Folk Religion in Discourse and Practice
Abstract‘Folk religion’ is a contested category within the study of religions, with scholars increasingly advocating its abandonment. This paper encourages a new critical engagement with ‘folk religion’ as both a category of analysis and as a field of practice. I argue for a renewed attentiveness to the ideological dimensions of categories deployed by scholars and to the relationship they bear to the field of practice they seek to signify. Firstly, I explore the discursive nature of the construction of ‘folk religion’ as a category of analysis and how its semantic loading functions to ‘pick up’ distinctive practices from the religious field. Secondly, drawing on the work of Bourdieu and Riesebrodt, I characterise the ‘folk religious field of practice’ as relational, a shifting site of competing agencies. My argument is illustrated with empirical examples drawn from ethnographic research in Romania and Moldova.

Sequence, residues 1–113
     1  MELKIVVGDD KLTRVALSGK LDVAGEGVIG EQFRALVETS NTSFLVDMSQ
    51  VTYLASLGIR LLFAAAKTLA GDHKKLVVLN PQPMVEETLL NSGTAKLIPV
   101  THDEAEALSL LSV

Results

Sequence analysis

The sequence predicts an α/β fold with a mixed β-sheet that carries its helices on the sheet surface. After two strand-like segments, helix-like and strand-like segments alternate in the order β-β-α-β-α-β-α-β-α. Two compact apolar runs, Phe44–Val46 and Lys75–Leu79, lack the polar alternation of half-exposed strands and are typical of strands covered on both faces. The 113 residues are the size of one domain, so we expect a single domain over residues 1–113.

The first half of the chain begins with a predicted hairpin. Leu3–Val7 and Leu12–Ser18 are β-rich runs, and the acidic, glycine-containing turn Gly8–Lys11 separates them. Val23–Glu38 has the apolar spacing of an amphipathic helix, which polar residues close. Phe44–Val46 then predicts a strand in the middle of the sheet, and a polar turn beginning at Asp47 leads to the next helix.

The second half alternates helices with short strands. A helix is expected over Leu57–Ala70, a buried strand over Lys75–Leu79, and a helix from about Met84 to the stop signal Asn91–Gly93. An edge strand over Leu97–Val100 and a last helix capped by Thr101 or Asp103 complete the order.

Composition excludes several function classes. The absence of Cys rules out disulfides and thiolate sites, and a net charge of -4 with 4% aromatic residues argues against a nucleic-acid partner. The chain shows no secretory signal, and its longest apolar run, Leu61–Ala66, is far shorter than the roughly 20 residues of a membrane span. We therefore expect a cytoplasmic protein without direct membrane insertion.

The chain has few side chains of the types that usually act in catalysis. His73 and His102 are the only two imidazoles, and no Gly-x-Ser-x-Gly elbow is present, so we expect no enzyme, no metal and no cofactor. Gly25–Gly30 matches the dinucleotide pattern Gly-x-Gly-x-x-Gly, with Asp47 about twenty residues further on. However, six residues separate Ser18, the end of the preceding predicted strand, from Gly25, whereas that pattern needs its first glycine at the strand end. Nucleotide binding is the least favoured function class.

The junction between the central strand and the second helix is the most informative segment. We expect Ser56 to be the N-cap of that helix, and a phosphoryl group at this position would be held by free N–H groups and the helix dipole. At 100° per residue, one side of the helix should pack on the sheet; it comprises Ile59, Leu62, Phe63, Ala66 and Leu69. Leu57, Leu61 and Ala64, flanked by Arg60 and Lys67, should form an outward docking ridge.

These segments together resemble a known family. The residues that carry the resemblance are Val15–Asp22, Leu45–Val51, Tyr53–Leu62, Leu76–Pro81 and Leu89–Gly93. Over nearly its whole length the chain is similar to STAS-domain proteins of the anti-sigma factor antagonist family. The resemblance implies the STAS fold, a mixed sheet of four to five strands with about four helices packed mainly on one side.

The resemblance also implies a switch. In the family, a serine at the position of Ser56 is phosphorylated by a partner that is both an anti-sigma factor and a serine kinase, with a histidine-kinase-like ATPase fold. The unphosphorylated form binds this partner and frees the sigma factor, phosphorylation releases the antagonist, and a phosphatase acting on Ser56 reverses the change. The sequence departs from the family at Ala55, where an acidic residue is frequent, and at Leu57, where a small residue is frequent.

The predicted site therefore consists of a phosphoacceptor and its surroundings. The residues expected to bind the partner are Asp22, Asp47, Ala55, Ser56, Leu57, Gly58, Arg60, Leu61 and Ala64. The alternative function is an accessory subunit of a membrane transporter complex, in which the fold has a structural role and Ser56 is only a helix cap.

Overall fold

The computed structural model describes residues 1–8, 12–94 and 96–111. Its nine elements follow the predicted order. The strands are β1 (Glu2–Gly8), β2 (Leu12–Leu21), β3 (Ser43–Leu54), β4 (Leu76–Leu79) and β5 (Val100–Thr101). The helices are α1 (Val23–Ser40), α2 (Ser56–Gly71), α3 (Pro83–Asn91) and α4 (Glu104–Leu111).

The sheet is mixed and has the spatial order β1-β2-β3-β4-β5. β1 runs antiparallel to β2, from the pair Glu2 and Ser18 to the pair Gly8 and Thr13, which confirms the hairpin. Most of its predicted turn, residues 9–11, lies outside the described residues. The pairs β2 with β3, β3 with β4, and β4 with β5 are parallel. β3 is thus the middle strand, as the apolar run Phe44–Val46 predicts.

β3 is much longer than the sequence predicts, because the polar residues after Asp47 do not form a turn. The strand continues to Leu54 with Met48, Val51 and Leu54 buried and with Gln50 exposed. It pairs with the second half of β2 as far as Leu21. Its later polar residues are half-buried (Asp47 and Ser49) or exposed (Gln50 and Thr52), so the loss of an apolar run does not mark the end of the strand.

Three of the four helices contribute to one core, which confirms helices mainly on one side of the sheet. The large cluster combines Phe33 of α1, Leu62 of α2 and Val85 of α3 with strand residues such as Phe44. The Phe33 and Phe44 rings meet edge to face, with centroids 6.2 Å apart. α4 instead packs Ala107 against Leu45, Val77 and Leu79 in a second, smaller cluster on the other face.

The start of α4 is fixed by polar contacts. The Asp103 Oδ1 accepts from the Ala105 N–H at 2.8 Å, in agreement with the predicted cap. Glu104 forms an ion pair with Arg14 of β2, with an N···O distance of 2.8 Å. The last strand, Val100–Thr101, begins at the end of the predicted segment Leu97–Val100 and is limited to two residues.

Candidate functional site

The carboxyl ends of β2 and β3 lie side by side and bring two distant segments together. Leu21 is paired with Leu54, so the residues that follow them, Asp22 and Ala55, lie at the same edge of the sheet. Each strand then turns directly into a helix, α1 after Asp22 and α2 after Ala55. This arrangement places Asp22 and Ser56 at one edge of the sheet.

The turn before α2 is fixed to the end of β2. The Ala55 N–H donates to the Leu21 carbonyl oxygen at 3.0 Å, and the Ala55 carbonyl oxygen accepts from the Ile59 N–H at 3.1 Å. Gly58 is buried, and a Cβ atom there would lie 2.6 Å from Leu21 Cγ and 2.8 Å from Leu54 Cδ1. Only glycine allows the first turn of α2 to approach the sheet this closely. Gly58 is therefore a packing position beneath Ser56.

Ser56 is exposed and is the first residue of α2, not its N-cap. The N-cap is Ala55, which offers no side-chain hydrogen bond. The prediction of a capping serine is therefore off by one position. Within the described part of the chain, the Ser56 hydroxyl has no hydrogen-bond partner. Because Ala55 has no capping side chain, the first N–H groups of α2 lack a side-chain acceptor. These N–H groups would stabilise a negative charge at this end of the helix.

This work is licensed under a Creative Commons Attribution-NonCommercial-NoDerivatives 4.0 International License.
Under the Creative Commons Attribution-NonCommercial-NoDerivs license, the author(s) and users are free to share (copy, distribute and transmit the contribution) under the following conditions: 1. they must attribute the contribution in the manner specified by the author or licensor, 2. they may not use this contribution for commercial purposes, 3. they may not alter, transform, or build upon this work.
Authors retain the following rights:
- copyright, and other proprietary rights relating to the article, such as patent rights,
- the right to use the substance of the article in future own works, including lectures and books,
- the right to reproduce the article for own purposes, provided the copies are not offered for sale,
- the right to self-archive the article.